Keywords

  • MicroRNA
  • Mimic
  • RT-qPCR
  • TargomiR
  • MesomiR

Introduction

MicroRNAs are short non-coding RNAs that play a role in post-transcriptional regulation of gene expression [1, 2]. In several human cancers, microRNAs with tumour-suppressive properties are down-regulated [3], and the potential therapeutic application of re-expressing these microRNAs has drawn significant attention in recent years [4]. A well-studied example of microRNAs dysregulated in cancer is the miR-15/16 family. This was first demonstrated in chronic lymphocytic leukaemia where there is frequent loss of miR-15a/16-1 expression due to deletion of the 13q14 region [5]. Subsequent studies confirmed the importance of miR-16 in suppressing cancer-associated genes such as BCL2 [6]. A duplication of miR-15a/16-1—miR-15b/16-2—is located at locus 3q26 [6]. Another family member, miR-195, is located on chromosome 17 and has been linked to targeting of Raf-1 and Ccnd1 [7]. Recent studies have shown that this is suppressed in solid tumours including non-small cell lung cancer (NSCLC) [8], prostate cancer [9] and malignant pleural mesothelioma (MPM) [10]. In these and other tumour types, increasing the levels of the miR-15/16 family by transfecting cells with microRNA mimics resulted in growth inhibitory effects in vitro.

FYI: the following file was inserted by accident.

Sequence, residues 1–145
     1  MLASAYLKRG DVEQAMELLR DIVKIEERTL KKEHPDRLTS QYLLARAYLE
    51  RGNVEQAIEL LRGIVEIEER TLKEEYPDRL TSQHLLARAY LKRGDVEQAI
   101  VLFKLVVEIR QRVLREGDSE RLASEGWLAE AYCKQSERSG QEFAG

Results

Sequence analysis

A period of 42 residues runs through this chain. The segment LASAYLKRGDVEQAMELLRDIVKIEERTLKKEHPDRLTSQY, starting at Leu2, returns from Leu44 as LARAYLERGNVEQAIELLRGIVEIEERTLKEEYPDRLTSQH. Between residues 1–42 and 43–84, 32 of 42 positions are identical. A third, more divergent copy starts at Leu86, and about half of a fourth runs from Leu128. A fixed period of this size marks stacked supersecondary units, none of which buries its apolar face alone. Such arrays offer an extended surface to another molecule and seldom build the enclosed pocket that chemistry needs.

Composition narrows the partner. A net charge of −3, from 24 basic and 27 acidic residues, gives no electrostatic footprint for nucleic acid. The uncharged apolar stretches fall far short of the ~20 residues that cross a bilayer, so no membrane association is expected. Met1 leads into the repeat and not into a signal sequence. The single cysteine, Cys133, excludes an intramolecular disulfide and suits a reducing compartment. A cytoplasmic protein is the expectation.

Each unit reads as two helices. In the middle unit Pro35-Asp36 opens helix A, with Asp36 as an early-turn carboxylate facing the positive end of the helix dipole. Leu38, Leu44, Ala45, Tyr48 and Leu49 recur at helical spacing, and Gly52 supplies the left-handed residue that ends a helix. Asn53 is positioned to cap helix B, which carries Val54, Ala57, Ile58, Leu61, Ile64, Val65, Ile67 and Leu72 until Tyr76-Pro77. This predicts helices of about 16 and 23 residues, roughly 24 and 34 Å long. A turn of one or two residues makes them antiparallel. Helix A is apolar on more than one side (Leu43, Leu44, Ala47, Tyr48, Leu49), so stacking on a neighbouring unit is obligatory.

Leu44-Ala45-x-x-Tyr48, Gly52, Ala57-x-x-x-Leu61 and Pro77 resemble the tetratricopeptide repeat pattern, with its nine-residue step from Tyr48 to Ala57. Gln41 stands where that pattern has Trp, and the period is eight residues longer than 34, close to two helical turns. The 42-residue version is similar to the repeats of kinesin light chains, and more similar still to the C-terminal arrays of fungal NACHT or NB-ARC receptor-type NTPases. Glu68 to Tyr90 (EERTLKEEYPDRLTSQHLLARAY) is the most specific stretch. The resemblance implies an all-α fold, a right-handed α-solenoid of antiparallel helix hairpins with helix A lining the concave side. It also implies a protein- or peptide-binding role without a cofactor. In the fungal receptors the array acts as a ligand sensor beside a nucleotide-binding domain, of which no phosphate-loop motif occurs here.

Due to sequence similarity at positions 1–7, several authors have proposed that miR-103 and miR-107 together with the miR-15 members, form the larger miR-15/107 group [11]. Our own studies led to the development of a series novel mimics based on the consensus sequence derived from members of the miR-15/107 group [12]. These mimics later became the microRNA component of targeted microRNA-loaded minicells (TargomiRs) and a phase I trial was recently completed [13, 14]. As TargomiRs contain a consensus mimic, this provides the possibility to specifically detect the non-natural sequences. Such an assay would be of use in future trials to confirm delivery of microRNA mimics into the tumour cells of patients.